Of the presence of large numbers of buffalo, that resorted to the salty licks of Kentucky, we have frequent mention by both Humphrey Marshall and Mann Butler, the early historians of that state. In the year 1755, Colonel James Smith mentions the killing of several buffalo by the Indians at a lick in Ohio, somewhere between the Muskingum, the Ohio and the Scioto. At this lick the Indians made about a half bushel of salt in their brass kettles. He asserts that about this lick there were clear, open woods, and that there were great roads leading to the same, made by the buffalo, that appeared like wagon roads. The wild cattle had evidently been attracted thither by the mineral salts in the water. In the early morning of June 13, 1765, George Croghan, an Indian agent sent out by William Johnson, of New York, to report to the English government conditions in the west, coming into view of one of the fine large meadows bordering on the western banks of the Wabash, saw in the distance herds of buffalo eating the grass, and describes the land as filled with buffalo, deer and bears in "great plenty." On the 18th and 19th of the same month, he traveled through what he terms as a "prodigious large meadow, called the Pyankeshaw's Hunting Ground," and describes it as well watered and full of buffalo, deer, bears, and all kinds of wild game. He was still in the lower Wabash region. On the 20th and 21st of June he was traveling north along the Wabash in the vicinity of the Vermilion river in Vermilion county, and states that [Pg 28]game existed plentifully, and that one could kill in a half hour as much as was needed. He spoke, evidently, of the large variety of game before mentioned. The whole of the prairie of Illinois, filled with an abundant growth of the richest grasses, and all the savannas north of the Wabash in Indiana, that really constituted an extension of the Grand Prairie, were particularly suited to the range of the wild herds, and were the last grounds deserted by them previous to their withdrawal west, and across the Mississippi.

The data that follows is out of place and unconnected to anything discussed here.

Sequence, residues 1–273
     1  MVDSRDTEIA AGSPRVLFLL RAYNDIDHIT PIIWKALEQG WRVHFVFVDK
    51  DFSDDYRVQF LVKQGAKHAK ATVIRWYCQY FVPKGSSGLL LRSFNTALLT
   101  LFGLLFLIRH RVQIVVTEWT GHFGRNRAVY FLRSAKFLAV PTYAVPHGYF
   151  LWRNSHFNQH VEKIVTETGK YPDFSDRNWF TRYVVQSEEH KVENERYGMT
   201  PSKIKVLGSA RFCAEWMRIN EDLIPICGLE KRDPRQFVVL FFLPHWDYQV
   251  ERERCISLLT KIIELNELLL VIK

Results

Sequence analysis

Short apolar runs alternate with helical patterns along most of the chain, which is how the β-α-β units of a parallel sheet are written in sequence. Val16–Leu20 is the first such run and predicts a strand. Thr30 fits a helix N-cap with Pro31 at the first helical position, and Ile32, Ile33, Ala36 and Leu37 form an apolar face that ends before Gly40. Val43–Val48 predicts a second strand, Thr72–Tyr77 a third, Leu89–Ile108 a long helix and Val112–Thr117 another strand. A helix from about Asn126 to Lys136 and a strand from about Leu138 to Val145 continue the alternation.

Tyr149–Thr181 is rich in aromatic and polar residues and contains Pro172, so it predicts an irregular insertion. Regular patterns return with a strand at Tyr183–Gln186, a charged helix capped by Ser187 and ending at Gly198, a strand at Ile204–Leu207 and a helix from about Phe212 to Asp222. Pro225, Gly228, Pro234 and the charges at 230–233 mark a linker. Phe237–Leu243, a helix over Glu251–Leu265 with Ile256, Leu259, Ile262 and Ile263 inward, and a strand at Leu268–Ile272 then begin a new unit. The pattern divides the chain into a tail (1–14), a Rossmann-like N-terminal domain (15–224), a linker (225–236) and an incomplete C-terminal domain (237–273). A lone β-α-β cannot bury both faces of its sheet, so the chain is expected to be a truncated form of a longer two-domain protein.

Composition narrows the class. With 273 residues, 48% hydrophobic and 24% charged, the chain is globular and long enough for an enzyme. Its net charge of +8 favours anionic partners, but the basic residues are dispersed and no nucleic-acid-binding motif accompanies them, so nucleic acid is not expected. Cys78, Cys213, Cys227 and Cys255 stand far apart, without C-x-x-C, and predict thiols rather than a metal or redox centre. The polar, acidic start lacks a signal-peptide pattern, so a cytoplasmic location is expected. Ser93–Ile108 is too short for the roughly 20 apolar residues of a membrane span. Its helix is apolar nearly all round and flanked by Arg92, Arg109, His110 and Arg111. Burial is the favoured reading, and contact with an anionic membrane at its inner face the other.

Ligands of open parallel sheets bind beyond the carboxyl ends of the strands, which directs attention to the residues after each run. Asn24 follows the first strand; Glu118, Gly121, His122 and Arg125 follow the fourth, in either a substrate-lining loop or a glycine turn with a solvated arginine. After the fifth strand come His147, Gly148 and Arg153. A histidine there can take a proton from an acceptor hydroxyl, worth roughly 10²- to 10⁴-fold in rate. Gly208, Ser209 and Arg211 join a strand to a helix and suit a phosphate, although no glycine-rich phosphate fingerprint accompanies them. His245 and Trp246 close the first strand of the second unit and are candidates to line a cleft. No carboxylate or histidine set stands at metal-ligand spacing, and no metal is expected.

The economical value of the herds of buffalo to the Indian tribes of the northwest may be gathered from the uses to which they were afterwards put by the tribes of the western plains. "The body of the buffalo yielded fresh meat, of which thousands of tons were consumed; dried meat, prepared in summer for winter use; pemmican (also prepared in summer) of meat, fat and berries; tallow, made up into large balls or sacks, and kept in store; marrow, preserved in bladders; and tongues, dried and smoked, and eaten as a delicacy. The skin of the buffalo yielded a robe, dressed with the hair on, for clothing and bedding; a hide, dressed without the hair, which made a tepee cover, when a number were sewn together; boats, when sewn together in a green state, over a wooden frame work; shields, from the thickest portions, as rawhide; clothing of many kinds; bags for use in traveling; coffins, or winding sheets for the dead, etc. Other portions utilized were sinews, which furnished fibre for ropes, thread, bowstrings, snow shoe webs, etc.; hair, which was sometimes made into belts [Pg 29]and ornaments; "buffalo chips," which formed a valuable and highly prized fuel; bones, from which many articles of use and ornament were made; horns, which were made into spoons, drinking vessels, etc." The Rev. John Heckewelder, in speaking of the skill of the Delawares of Ohio, in dressing and curing buffalo hides, in the latter part of the eighteenth century, says that they cured them so that they became quite soft and supple, and so that they would last for many years without wearing out.